I was, it was very difficult to look at these things and take accountability. But what I realized was that I was my actions that I had been doing in the past, they were not in line with the person that I knew myself to be in my heart. And being able to release those things to, to actually face them and then forgive myself and release them.
It stopped that cycle. It stopped me doing those same bullshit things over and over again so that I could have a more fulfilling life. And I literally walked outta that church that day. Dude. I felt like I was like 20 pounds lighter. I felt happier. I felt healthier. I was just like, dude, I don't know what that was.
I don't know who spoke to me just now, but I feel great. And it was like all this time I've been holding onto these things and blames people, but I was like, it doesn't matter. I can't control other people. I can only control myself. I control four things. What I think, what I feel, what I say, and what I do.
And I can't. I can't worry about what they do. I can only be the best version of myself and show up as that every day. And man, this huge transformation happened. And people started to realize and started to reach out and be like, dude, you look different. You feel different. Like you talk different you're more like there's a positive energy about you.
What's going on? And so I was like, dude, I'm telling you like. You gotta start doing this stuff, right? And I started helping people and coaching people and it was through physical fitness that for me was the gateway into becoming a better person. To align myself both physically, spiritually, and mentally to get that alignment where I could increase all three and truly become a better person.
It started with being consistent in making daily changes in my physical fitness, cuz that's the easiest thing for people to change. Anyone can change your body, move more, eat less, drink more water, take alcohol out. It's pretty simple. But most of us need accountability, right? Like we just have to have someone accountable to us to say you do this, here's the plan and make it dummy proof for us.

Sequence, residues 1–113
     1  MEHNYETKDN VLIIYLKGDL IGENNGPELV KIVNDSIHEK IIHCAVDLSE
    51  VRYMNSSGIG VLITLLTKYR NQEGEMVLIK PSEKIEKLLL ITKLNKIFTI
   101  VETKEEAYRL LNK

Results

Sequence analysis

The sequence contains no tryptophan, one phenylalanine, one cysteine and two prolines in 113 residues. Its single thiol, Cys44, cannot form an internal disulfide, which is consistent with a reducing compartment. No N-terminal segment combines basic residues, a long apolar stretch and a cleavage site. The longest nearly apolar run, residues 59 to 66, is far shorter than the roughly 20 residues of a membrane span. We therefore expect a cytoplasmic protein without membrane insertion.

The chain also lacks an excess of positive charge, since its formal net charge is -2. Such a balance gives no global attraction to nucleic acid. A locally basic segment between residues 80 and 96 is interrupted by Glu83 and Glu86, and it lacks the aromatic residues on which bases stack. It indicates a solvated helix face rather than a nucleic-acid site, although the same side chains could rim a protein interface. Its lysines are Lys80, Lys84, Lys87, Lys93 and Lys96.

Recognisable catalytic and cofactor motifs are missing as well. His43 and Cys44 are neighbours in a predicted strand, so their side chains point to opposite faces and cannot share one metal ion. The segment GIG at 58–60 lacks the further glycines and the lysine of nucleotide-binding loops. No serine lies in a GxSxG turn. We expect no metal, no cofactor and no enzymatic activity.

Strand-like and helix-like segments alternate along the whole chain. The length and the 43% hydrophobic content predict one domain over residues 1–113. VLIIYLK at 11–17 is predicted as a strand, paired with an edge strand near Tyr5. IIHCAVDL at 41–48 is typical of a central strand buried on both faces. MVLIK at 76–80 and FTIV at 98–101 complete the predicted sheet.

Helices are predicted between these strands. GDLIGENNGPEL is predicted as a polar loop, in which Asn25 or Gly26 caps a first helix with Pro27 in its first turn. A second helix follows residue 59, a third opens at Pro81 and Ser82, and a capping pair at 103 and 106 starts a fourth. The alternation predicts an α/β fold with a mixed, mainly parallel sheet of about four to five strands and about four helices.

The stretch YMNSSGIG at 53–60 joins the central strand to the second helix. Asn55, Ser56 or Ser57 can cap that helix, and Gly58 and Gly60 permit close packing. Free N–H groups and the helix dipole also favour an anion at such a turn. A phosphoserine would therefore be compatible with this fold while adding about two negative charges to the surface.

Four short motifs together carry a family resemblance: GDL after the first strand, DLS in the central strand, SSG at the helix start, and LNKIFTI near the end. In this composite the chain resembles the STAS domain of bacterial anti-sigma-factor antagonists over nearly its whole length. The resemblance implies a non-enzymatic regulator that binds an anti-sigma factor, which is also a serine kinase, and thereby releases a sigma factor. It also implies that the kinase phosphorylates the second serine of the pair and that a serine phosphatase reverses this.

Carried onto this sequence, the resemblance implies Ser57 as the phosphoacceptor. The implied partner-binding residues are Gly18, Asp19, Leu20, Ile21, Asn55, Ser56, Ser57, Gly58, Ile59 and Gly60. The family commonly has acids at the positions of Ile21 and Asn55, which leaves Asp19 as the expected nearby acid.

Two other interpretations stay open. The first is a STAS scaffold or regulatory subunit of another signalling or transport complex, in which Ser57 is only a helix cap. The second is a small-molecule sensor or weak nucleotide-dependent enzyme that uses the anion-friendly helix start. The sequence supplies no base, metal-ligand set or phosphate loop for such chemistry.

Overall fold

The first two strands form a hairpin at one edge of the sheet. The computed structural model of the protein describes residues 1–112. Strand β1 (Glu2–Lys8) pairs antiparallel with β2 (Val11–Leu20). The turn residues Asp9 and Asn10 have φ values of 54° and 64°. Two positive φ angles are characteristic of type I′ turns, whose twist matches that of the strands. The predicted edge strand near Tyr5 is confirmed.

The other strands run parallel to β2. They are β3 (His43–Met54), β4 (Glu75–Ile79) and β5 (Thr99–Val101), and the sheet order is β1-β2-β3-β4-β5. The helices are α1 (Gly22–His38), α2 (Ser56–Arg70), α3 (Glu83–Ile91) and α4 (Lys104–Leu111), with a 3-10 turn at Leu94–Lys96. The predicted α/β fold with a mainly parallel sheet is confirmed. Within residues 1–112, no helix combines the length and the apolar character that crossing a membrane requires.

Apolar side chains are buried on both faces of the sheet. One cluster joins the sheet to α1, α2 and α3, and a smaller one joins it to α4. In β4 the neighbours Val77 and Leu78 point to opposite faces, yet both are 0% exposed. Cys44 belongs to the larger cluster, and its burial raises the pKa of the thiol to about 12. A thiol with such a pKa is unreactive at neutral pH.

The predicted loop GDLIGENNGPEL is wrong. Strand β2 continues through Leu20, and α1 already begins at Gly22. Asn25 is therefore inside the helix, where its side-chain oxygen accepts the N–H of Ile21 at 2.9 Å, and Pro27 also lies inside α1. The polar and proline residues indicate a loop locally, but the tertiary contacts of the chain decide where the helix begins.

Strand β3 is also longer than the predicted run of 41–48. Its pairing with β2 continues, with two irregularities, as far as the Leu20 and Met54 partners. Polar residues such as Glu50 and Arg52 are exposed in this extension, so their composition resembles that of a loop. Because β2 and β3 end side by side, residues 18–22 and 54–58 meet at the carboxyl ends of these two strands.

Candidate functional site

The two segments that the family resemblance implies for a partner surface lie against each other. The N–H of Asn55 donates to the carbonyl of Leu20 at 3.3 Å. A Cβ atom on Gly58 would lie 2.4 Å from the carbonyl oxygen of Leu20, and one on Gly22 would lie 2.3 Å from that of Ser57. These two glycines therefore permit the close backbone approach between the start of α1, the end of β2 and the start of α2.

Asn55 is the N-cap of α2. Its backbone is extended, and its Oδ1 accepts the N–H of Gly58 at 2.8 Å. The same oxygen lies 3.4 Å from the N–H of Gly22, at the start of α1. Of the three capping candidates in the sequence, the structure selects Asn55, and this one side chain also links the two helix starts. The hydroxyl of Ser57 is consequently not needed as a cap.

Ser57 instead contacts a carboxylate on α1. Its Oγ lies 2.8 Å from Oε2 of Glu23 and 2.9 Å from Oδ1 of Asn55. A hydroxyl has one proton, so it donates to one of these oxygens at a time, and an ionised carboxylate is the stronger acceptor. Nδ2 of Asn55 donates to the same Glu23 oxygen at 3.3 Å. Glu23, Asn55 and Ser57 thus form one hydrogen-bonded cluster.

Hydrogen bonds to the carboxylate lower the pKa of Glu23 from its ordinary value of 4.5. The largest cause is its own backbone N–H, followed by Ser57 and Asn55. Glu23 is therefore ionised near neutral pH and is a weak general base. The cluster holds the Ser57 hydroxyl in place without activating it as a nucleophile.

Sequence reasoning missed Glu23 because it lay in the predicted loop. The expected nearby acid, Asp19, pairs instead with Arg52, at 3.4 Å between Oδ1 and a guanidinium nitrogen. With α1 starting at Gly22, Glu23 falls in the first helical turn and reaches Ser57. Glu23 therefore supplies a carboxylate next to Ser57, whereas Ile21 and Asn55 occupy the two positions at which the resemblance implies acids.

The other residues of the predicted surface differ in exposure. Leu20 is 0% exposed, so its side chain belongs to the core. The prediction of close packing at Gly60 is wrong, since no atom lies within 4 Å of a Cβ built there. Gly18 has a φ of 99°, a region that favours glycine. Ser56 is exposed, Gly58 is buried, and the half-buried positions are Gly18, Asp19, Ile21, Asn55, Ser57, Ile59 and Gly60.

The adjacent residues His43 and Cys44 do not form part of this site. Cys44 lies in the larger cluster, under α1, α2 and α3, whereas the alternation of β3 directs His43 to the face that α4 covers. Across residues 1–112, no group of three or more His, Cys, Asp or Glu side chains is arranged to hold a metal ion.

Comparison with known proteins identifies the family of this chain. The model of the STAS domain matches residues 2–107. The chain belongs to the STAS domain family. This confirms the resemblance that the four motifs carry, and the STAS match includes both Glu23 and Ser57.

And simple. And that was how I started my coaching. That was literally cuz I started just changing lives and helping these people. And I was like, it was all insurance agents that knew me and I was like, this, there is a lot more people. That have been where I've been. There's a lot more people that are facing a lot more men in the world that have anxiety and depression, that feel unhealthy and un unfulfilled and are feeding themselves in devices of overeating, overconsumption of alcohol, too much sex running around with women and trying to fill a void.
They're probably new cause they're trying to fill this void in their heart that they feel lonely like I did. And I was like, I knew what was going on, but it was hard to, I, it was hard to identify. And when I got rid of those vices, man, I became a different human being. It was it, I'm telling you.
It was like transcendent and man. So now my passion is honestly just helping people to go through that same process that I did and literally just change their life for the better. That